Harpa is the site chosen by Björk to bookend Airwaves with two sold-out hometown shows to launch her Biophilia album. The queen of high art avant-pop repeats her Manchester International Festival run in style and format, performing in the round with a 24-strong all-female choir and a dazzling arsenal of purpose-built electro-mechanical weaponry. But that crackling, guttural, elemental voice is still the most remarkable instrument on display. A techno-pagan blast of fire and ice, ancient and futuristic, geothermal blast and seismic crackle, Björk is tourist-cliché Icelandic to her molten core. A real diamond geyser.

Contemporary classical composers also figure highly on the Airwaves agenda this year. A master of mournful melodic motifs that accumulate emotional weight through stately repetition, Johan Johansson’s show at the Fríkirkjan church is a suitably hushed and devotional affair, fusing polished glitch-tronica with a string quartet and brass band. On the same night, Valgeir Sigurðsson and Daniel Bjarnason of the highly regarded Anglo-Icelandic folk-pop collective Bedroom Community pull off something similar on a grander scale in a specially commissioned collaboration with the Iceland Symphony Orchestra in Harpa, the duo’s excursions into Arvo Pärt-style minimalism sounding lyrical yet unapologetically discordant at times.

The international bill at Airwaves throws up some lovely lo-fi moments too. Like Rainbow Chan, a one woman band from Sydney who won a radio station competition to fly out to Reykjavik to showcase her hand-knitted junk-shop tweetronica. Multicultural Britain also plays a strong hand with the post-dubstep London trio Nedry and the angular quirk-funk of Bristol’s newest young art-rock hopefuls Zun Zun Egui.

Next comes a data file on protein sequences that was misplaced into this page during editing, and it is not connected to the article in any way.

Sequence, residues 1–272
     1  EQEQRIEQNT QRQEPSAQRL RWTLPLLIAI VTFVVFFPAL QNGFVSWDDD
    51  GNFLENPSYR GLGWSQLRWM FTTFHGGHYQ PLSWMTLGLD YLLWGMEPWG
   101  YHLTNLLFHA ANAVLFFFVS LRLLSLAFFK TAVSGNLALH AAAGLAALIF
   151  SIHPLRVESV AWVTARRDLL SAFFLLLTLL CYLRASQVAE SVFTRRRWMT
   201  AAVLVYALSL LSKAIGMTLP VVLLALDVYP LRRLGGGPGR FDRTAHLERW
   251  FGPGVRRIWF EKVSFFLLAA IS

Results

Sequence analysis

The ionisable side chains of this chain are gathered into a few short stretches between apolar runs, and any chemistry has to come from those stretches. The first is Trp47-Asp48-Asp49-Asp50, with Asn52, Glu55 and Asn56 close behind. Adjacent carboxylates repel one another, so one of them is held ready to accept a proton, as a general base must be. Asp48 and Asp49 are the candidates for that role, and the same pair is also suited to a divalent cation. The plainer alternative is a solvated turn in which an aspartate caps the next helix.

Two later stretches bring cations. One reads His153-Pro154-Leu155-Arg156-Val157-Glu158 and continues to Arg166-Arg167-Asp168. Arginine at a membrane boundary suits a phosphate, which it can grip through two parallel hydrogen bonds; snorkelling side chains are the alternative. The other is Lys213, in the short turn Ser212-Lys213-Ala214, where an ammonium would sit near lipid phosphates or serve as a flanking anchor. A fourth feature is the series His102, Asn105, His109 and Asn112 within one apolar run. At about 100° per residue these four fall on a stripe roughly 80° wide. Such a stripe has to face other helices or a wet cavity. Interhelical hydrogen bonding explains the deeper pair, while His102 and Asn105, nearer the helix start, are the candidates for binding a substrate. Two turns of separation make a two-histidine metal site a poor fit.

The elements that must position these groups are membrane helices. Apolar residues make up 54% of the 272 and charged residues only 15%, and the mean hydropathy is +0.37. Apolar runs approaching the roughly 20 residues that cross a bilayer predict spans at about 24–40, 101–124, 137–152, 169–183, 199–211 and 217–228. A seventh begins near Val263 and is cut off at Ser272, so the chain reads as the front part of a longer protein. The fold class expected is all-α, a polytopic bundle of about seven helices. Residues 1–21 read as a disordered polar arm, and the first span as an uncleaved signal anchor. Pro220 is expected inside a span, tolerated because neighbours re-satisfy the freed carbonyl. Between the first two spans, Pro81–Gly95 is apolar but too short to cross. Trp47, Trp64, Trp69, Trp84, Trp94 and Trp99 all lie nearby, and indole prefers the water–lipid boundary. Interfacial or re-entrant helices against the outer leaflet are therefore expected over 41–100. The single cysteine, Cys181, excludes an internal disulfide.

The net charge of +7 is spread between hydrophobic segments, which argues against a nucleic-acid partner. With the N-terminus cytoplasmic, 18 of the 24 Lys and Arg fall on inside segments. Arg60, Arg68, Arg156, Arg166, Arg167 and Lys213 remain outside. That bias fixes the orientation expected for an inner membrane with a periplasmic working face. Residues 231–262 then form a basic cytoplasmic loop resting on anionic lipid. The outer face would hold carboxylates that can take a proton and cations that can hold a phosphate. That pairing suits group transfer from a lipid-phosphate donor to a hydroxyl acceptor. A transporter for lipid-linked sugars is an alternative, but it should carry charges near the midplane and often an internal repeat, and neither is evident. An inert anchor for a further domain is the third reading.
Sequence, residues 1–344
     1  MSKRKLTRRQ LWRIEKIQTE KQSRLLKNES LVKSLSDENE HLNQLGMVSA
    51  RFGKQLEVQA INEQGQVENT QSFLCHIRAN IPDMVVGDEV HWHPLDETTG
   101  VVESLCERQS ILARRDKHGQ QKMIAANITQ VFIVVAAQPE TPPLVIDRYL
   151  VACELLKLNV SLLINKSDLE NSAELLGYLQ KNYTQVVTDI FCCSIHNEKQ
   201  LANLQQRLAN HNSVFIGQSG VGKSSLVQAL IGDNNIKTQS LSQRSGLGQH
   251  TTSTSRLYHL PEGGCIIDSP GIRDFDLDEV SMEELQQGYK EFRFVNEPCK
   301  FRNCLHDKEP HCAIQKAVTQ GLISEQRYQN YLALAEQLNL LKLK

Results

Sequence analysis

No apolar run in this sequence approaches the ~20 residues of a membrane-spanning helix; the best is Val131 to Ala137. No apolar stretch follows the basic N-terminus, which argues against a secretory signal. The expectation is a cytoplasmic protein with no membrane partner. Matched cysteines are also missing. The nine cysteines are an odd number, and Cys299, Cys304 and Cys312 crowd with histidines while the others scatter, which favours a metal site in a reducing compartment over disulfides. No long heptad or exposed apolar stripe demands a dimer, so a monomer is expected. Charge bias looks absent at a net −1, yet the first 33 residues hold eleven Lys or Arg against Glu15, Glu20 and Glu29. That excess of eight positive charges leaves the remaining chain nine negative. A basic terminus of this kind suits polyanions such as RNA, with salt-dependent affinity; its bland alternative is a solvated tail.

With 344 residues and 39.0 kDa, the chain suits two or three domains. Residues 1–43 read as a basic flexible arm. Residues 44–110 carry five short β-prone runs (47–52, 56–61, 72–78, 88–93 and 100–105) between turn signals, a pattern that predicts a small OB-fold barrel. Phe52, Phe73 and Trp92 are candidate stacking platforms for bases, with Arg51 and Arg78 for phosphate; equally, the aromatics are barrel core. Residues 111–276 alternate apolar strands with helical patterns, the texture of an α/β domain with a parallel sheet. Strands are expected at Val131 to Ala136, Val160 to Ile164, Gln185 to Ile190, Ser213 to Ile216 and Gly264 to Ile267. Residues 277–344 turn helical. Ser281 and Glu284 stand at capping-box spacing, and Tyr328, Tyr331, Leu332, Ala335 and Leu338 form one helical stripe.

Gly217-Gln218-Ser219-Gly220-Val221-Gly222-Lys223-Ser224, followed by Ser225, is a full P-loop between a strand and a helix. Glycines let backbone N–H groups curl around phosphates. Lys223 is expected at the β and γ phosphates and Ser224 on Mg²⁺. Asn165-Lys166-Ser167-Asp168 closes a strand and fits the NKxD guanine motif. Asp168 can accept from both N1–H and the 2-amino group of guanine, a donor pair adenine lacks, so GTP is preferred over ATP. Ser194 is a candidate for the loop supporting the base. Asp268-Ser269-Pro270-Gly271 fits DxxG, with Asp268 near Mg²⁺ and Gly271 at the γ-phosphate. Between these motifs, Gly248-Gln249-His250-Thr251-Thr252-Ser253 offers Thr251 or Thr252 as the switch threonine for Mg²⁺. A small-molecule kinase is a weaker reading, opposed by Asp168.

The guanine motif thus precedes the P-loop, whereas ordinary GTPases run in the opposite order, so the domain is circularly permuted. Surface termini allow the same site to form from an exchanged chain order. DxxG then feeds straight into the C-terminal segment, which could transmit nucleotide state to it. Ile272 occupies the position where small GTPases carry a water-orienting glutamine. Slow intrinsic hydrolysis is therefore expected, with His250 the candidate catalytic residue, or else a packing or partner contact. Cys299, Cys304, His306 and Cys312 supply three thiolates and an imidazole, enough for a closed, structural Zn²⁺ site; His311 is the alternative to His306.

Arguably the most warmly received foreign performer is US soft rock revivalist John Grant, seducing the local crowd with his Icelandic phrasebook and his lush but deceptively barbed ballads. The singer’s late night show peaks with a majestically bitter 'Where Dreams Go to Die' and new composition 'Vietnam', which likens an ex-lover to the notorious military defoliant Agent Orange. An iron fist in a velvet glove, Grant is turning into Rufus Wainwright’s even more acerbic cousin, or maybe a Satanic Harry Nilsson. Classy stuff.

Another hot ticket at Airwaves, Sinéad O'Connor has recently attracted snide media comment for committing the appalling female sins of gaining weight and advertising for a boyfriend in an Irish newspaper. Playing a stripped down semi-acoustic set at Fríkirkjan, the 44-year-old singer mocks her mockers by appearing confident and funny, wearing a corset and tight T-shirt. Mixing old favourites with a smattering of tracks from her forthcoming album Home, O’Connor can sometimes still come across like a bleeding wound of vulnerability and rage. But mostly she is winningly warm and irreverent, hushing the crowd into pin-drop silence before inserting silly rhymes about bananas into 'Nothing Compares 2 U'. Pure charisma.

On the far northern edge of Reykjavik, the Imagine Peace Tower blasts a skyscraper of light high into the night sky, a monument to John Lennon christened by Yoko Ono in 2007. This year the 78-year-old Ono also plays Airwaves with a reactivated Plastic Ono Band, now a pan-generational two drummer, three guitar collective featuring her son Sean Lennon. In top hat and ragged beard, Lennon looks alarmingly like Jarvis Cocker after a week-long absinthe binge in a vintage clothing store.

Ono’s sprawling late night set and cat-torturing howls eventually drive away all but a rump of brave stragglers, including your humble Quietus reviewer. But along the way she delivers some impressively gnarly free jazz noise rock, duets with the typographically challenged tUnE-yArDs, and rocks the New Wave party classic 'Walking on Thin Ice'. Even with her 80th birthday looming, Ono still has the power to fill a grand hall, then empty it. Love her or loathe her, that is pretty fucking punk rock. Besides, how many more chances will we get to have a living legend of the 1960s avant-garde shred our senses like this?

Outside Harpa, after the Yoko show, icy rain and wind whip the witch-black Atlantic into a pagan frenzy. Just another gentle reminder from Mother Nature that this is Reykjavik, this is Airwaves, and this is hardcore. Don’t fuck with the goddess Iceland. Because she will smash your puny body to pieces and grind you into volcanic ash.